With the current cocktail craze, Amari is enjoying a resurgence. Malachy Duffy shares his favourites.
About halfway through my first trans-atlantic voyage, I awoke one morning feeling less than shipshape, which had nothing to do with the ocean swell, I’d simply overindulged. Fortunately, one of my traveling companions was David Outerbridge, the author of The Hangover Handbook. He prescribed a Fernet-Branca, which he said I’d find at the superyacht bar. It was bitter, but it did the job.
And that was my introduction to the whole class of amari. The name is Italian for “bitter,” but drinks such as these have been made throughout Europe — and now in the United States as well. They are akin to bitters, the concoctions used to add flavour and depth to cocktails, and are made with botanical elements — aromatics, spices, citrus zest — infusing a neutral alcohol. Like bitters, they’ve become in vogue thanks to the current craze for cocktails, and the new breed of bartenders dedicated to crafting drinks with previously passed-over ingredients. Here are some of my favourites.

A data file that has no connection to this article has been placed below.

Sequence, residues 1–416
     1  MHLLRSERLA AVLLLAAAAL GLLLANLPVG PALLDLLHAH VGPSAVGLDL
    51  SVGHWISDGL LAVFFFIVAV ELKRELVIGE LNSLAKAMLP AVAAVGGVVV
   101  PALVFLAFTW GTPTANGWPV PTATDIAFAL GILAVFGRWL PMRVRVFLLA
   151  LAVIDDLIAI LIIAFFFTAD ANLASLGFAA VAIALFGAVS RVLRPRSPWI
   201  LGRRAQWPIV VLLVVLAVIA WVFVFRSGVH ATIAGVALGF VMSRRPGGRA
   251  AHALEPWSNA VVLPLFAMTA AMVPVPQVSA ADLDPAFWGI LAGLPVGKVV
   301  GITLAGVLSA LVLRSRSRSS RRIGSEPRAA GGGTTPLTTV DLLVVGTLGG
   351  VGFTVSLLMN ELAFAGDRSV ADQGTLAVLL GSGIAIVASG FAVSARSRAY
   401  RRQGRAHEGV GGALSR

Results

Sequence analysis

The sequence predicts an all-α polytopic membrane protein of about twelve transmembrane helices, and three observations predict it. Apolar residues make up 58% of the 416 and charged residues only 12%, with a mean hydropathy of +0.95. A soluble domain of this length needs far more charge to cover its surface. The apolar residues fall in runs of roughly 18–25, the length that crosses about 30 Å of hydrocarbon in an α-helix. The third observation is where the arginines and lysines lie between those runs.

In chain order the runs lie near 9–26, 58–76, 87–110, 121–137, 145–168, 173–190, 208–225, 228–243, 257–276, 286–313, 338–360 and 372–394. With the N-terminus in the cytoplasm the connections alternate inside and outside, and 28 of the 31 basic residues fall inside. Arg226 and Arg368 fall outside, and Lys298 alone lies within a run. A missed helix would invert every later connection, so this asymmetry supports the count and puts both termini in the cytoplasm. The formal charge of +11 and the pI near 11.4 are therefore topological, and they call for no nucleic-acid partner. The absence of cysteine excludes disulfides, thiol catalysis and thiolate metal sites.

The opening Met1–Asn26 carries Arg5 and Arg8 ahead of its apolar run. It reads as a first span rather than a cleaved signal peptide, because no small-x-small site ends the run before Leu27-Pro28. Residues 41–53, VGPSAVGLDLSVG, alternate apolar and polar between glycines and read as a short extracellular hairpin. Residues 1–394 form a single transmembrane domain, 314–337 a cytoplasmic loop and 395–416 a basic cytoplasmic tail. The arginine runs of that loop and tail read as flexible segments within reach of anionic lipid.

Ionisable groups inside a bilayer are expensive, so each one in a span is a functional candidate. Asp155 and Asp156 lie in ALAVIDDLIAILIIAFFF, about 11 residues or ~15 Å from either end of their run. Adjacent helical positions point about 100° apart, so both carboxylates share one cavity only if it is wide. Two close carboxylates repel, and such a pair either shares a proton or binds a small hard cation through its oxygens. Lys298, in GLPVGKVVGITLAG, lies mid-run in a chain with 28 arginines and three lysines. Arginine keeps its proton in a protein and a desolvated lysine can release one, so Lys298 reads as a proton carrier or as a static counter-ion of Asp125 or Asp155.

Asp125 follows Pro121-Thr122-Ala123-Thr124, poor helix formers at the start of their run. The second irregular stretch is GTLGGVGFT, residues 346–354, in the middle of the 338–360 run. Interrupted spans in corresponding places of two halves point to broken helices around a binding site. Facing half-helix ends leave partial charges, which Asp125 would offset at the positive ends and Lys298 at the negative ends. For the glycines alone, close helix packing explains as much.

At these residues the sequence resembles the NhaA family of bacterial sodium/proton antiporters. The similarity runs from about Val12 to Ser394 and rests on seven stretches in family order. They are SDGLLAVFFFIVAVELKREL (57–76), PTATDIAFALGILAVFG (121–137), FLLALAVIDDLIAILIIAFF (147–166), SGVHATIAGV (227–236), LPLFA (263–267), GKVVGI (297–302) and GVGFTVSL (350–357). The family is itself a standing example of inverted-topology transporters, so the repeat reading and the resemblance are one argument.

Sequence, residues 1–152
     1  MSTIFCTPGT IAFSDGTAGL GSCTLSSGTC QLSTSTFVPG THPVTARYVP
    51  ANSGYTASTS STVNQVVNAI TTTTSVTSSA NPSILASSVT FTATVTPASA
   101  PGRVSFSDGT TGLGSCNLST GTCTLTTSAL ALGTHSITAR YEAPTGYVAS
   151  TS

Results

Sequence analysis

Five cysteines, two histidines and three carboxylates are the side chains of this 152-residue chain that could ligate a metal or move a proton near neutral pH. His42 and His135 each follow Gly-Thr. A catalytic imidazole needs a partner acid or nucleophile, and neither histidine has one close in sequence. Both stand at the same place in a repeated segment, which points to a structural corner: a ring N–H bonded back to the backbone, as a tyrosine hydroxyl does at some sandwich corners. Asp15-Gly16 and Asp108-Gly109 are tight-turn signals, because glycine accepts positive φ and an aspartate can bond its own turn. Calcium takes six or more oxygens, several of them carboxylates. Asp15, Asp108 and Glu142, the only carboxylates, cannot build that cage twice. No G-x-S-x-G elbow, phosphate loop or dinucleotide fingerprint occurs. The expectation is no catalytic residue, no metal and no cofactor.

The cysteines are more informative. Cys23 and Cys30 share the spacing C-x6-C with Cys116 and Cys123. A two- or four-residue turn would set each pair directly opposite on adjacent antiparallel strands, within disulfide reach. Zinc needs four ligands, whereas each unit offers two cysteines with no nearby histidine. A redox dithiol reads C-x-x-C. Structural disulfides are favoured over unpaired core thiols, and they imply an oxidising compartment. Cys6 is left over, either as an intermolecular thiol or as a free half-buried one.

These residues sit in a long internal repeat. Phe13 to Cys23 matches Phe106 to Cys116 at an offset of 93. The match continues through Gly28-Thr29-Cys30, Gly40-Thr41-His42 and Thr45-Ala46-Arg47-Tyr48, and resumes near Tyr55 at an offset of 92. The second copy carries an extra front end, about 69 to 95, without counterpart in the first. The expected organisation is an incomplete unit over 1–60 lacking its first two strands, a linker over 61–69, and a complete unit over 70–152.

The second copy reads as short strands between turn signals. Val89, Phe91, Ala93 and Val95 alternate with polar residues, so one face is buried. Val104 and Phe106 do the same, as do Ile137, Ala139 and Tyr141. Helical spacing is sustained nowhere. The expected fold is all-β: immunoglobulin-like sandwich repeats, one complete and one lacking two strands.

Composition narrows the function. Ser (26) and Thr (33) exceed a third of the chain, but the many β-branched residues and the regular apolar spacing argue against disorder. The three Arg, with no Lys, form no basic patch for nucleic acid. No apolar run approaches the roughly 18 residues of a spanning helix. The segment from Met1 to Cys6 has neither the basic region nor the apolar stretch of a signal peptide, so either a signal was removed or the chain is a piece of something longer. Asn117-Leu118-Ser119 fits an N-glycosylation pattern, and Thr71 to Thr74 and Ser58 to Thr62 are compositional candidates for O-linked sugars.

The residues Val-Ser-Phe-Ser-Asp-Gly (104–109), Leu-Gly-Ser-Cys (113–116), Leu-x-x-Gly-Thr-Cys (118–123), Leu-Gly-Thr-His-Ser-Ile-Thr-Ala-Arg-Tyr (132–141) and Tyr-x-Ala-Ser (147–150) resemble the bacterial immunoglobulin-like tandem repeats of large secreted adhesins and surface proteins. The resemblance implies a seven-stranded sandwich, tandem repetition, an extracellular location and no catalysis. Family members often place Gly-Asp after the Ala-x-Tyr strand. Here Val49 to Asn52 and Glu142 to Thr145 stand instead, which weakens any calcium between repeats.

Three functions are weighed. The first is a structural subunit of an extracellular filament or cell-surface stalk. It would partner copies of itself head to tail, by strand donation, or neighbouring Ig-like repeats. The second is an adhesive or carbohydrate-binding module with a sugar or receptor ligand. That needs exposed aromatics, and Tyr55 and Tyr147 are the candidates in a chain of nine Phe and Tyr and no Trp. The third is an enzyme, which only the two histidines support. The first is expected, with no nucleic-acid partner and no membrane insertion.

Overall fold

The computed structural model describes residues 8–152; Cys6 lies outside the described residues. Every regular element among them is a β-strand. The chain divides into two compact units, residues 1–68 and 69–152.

Dating back to 1919, this is a relative newcomer. Brothers Silvio and Luigi Barbieri created this vibrant orange potion with the belief that there was room for a slightly sweet, lower-alcohol amaro. These characteristics make it a gentle introduction to the world of amari. It is the basis for one of my favourite warm-weather cocktails, the Aperol Spritz.